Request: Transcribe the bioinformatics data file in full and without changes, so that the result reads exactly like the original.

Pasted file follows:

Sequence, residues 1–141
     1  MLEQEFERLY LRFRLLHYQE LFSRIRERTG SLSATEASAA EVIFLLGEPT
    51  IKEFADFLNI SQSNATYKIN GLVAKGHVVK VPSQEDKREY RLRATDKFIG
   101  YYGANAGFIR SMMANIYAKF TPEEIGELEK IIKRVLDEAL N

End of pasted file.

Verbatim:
Sequence, residues 1–141
     1  MLEQEFERLY LRFRLLHYQE LFSRIRERTG SLSATEASAA EVIFLLGEPT
    51  IKEFADFLNI SQSNATYKIN GLVAKGHVVK VPSQEDKREY RLRATDKFIG
   101  YYGANAGFIR SMMANIYAKF TPEEIGELEK IIKRVLDEAL N